Appeal from the Order of the Court of Common Pleas of Westmoreland County in case of John Montgomery, Anne Martin, Martin J. Oliveri, Jr., Shirley Turnage, Anna E. Torba and Ann Dalson v. Westmoreland County Board of Assessment Appeals, and Gene McCutcheon as Chairman of the Westmoreland County Board of Assessment Appeals, Charles E. Gadd as a member of the Westmoreland County Board of Assessment Appeals, William E. Knepshield as a member of the Westmoreland County Board of Assessment Appeals, No. 407 January Term, 1973.
H. Reginald Belden, Jr., with him David E. Lehman and McNees, Wallace & Nurick, for appellants.
Thomas M. Kerr, with him Roland T. Keddie and Roger S. Whitehill, for appellees.
President Judge Bowman and Judges Crumlish, Jr., Kramer, Wilkinson, Jr., Mencer, Rogers and Blatt. Opinion by Judge Mencer.
This appeal is from an order of the Court of Common Pleas of Westmoreland County sustaining the appeal of John Montgomery, Anne Martin, Martin J. Oliveri, Jr., Shirley Turnage, Anna E. Torba, and Ann Dalson from a denial of access to, and the viewing and making or obtaining copies of, certain records in the possession of the Board for the Assessment and Revision of Taxes of Westmoreland County (Board).
The Board is created by statute*fn1 and has the duty*fn2 "to make and have supervision of the making of annual assessments of persons, property and occupations now or hereafter made subject to assessment for taxation. . . ."
In performing the above duty, the Board maintains records on cards known as "property record cards." On one side of these cards is a "property record," containing information pertaining to the history and physical characteristics of the land involved. On the reverse side is a "building record," containing extensive information on construction specifications together with dwelling and commercial computations relating to the building on the property involved.
On the day of the hearing before the court below, the parties entered into a stipulation in order to narrow the issue before the Court. The property record was stipulated to be a public record, as this term is defined in the act commonly known as the "right-to-know law."*fn3 The narrow issue stipulated to the court below and presented to this Court is whether or not the building record side of the Board's property cards is a public record under the right-to-know law. If it is, then the Board must permit the appellees to make copies of these records.*fn4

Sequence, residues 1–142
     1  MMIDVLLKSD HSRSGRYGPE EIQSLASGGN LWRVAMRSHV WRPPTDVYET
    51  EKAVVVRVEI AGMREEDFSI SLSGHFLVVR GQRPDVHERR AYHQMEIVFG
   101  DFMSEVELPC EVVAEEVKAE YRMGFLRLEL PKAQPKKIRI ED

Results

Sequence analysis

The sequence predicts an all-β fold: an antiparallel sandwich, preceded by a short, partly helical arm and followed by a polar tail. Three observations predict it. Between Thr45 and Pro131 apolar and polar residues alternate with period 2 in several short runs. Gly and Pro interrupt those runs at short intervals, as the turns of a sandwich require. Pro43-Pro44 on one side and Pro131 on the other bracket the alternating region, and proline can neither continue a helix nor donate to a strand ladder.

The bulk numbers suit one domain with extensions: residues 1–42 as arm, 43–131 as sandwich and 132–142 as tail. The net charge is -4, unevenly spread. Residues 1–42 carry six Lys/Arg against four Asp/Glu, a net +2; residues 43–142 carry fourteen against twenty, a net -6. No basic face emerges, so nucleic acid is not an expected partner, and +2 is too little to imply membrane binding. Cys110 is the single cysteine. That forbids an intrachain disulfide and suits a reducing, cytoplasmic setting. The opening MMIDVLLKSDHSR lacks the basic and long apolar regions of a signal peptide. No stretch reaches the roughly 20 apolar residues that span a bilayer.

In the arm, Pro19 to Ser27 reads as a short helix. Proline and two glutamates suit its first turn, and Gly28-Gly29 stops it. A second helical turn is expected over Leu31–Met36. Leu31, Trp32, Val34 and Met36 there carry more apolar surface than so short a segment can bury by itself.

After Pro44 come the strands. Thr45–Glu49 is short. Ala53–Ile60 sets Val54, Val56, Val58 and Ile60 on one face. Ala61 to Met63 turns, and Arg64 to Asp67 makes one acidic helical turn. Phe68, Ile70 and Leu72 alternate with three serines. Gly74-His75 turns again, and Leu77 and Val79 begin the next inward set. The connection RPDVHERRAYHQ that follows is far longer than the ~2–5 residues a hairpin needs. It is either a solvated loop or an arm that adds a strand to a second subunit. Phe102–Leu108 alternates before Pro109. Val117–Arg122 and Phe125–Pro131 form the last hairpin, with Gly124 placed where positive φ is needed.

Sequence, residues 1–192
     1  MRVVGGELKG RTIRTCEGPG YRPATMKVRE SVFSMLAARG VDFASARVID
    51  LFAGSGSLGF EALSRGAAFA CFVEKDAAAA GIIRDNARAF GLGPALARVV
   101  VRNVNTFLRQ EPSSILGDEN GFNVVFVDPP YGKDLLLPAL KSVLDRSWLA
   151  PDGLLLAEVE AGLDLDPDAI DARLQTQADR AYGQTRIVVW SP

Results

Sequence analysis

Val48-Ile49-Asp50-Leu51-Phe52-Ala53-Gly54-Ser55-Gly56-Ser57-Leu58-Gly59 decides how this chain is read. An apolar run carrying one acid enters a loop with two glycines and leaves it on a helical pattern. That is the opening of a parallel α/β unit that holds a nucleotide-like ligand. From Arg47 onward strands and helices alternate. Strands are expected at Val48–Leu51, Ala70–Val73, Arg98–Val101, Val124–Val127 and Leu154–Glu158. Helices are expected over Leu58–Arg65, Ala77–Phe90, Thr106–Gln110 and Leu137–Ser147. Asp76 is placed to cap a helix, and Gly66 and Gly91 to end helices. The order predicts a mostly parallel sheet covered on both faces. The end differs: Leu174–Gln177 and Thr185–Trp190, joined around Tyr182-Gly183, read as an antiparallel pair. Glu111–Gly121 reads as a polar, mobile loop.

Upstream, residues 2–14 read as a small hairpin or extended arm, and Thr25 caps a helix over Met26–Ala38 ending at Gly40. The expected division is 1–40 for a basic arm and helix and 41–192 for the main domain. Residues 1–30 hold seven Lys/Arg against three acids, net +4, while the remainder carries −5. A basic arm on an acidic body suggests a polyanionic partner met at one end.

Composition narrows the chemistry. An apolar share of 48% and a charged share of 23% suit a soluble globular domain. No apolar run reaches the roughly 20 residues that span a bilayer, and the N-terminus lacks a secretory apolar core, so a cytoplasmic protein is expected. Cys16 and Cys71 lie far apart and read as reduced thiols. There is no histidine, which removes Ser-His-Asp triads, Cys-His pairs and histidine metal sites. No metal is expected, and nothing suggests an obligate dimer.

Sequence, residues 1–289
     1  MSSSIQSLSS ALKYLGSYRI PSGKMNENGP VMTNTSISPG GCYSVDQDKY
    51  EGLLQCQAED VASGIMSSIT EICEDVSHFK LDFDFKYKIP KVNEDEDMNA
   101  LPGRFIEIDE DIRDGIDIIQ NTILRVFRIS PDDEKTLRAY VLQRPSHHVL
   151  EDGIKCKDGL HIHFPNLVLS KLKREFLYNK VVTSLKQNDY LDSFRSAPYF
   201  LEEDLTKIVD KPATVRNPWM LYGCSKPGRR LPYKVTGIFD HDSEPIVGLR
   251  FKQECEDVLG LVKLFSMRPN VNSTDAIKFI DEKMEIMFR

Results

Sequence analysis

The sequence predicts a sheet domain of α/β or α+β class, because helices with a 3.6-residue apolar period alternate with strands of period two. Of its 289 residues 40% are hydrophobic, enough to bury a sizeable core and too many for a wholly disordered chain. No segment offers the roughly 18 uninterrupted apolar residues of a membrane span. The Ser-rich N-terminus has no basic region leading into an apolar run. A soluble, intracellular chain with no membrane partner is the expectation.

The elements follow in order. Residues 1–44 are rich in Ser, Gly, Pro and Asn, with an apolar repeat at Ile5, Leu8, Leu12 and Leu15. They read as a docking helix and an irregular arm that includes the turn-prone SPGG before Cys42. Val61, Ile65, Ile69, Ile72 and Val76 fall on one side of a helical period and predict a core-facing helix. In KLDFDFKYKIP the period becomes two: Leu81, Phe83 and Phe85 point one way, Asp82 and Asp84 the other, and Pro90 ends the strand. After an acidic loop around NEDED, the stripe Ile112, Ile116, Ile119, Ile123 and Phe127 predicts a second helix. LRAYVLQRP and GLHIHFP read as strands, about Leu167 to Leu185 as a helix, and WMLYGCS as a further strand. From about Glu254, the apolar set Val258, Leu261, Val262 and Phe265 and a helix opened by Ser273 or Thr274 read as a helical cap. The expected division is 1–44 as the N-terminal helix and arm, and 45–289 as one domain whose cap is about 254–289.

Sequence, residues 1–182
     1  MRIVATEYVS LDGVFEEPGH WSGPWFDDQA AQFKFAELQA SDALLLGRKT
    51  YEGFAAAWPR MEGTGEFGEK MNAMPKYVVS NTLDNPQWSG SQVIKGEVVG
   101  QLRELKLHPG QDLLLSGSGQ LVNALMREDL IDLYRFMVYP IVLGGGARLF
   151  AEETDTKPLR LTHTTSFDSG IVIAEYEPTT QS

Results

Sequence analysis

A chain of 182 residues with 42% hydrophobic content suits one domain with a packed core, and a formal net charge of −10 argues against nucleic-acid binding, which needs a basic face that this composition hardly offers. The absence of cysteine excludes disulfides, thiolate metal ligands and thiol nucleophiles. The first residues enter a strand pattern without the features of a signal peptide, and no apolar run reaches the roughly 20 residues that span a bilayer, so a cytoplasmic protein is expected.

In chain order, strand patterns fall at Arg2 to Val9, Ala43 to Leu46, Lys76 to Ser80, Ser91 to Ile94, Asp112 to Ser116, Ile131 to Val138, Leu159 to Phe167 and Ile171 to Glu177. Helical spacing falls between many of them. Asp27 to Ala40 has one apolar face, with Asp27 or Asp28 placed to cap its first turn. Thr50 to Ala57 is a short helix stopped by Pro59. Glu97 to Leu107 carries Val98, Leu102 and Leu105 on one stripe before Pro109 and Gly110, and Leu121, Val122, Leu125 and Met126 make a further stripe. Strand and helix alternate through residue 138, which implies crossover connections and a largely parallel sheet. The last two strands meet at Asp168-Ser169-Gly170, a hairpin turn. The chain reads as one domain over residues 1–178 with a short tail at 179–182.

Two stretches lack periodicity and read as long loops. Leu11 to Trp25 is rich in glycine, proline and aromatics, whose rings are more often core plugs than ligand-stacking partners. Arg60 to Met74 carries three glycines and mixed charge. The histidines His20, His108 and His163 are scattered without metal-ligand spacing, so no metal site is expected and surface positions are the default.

The right-to-know law defines a public record, in Section 1 of the Act, 65 P.S. § 66.1(2), as follows: "(2) 'Public Record.' Any account, voucher or contract dealing with the receipt or disbursement of funds by an agency or its acquisition, use or disposal of services or of supplies, materials, equipment or other property and any minute, order or decision by an agency fixing the personal or property rights, privileges, immunities, duties or obligations of any person or group of persons : Provided, That the term 'public records' shall not mean any report, communication or other paper, the publication of which would disclose the institution, progress or result of an investigation undertaken by an agency in the performance of its official duties, except those
reports filed by agencies pertaining to safety and health in industrial plants; it shall not include any record, document, material, exhibit, pleading, report, memorandum or other paper, access to or the publication of which is prohibited, restricted or forbidden by statute law or order or decree of court, or which would operate to the prejudice or impairment of a person's reputation or personal security, or which would result in the loss by the Commonwealth or any of its political subdivisions or commissions or State ...